The Day that Music Died
|Source: Publisher Website|
In six chapters and a little over 100 pages, Death of a Dreamer deals with a whirlwind of interrelated topics: tumultuous political climate of the 1960s, the life and death of the late great John Lennon, and Mark David Chapman, the man who would stalk and murder one of the era’s most influential musicians in cold blood.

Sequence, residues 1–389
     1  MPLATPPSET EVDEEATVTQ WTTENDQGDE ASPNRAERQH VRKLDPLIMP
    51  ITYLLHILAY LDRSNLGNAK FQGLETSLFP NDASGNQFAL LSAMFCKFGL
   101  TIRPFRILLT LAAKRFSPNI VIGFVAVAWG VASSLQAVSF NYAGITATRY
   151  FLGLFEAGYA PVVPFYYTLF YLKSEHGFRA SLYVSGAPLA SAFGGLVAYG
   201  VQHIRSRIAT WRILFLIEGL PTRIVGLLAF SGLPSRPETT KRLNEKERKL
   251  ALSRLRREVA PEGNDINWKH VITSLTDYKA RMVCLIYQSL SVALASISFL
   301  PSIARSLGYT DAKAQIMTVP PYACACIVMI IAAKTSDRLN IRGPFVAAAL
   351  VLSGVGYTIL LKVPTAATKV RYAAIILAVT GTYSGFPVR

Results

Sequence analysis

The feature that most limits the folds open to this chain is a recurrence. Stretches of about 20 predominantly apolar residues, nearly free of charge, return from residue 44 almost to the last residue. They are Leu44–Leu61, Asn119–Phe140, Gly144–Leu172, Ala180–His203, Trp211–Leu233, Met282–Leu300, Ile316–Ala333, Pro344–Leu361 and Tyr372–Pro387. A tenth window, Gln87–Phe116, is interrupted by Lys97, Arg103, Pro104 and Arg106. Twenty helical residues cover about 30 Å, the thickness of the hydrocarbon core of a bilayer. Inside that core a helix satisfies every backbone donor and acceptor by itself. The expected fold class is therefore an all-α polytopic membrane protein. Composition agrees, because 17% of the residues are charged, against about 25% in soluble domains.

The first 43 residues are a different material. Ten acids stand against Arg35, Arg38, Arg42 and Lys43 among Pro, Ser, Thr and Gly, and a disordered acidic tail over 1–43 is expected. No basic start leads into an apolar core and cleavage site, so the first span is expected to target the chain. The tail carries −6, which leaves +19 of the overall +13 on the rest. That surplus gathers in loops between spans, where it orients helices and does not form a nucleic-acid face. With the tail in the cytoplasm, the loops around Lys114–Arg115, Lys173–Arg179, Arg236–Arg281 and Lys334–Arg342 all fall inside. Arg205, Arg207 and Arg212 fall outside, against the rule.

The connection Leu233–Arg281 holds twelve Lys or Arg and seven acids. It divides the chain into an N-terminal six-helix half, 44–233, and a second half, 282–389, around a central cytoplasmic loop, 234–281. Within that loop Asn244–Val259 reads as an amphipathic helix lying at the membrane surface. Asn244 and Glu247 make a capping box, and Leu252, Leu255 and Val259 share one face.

Placing an age range for this book is problematic. Based on the picture-book layout, one could say that it’s targeted at children and young adults, especially since it goes out of its way to define terms like ASSASSINATE, GIG, and CAPITALISM. However, the process of plowing the chapter on capitalism’s battle against communism will definitely lose the attention of anyone in the 9 to 12 age range. It also covers more “adult” topics, such as Chapman’s depression and questionable mental state, and Lennon’s drug use and posing nude for Annie Leibowitz. The slow pace of these beginning chapters will require the reader to have the patience of a young reader who doesn’t mind wading through the slow parts. The ending, however, is quite dramatic. Like any Beatles fan, I actually found myself gripped and somewhat saddened by the book’s narration of Lennon’s final hours. An ambitious work for a semi-picture book of only 112 pages, it will be of particular interest for anyone who’s interested in, as I like to call it, the day that music died. Recommended for ages 12-18 who have an attention span that lasts longer than 10 seconds.